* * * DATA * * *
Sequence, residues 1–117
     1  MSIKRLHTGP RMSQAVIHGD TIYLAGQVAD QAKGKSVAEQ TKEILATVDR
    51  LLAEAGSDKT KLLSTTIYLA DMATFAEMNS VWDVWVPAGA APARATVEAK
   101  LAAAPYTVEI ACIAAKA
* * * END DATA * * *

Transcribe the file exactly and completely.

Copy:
Sequence, residues 1–117
     1  MSIKRLHTGP RMSQAVIHGD TIYLAGQVAD QAKGKSVAEQ TKEILATVDR
    51  LLAEAGSDKT KLLSTTIYLA DMATFAEMNS VWDVWVPAGA APARATVEAK
   101  LAAAPYTVEI ACIAAKA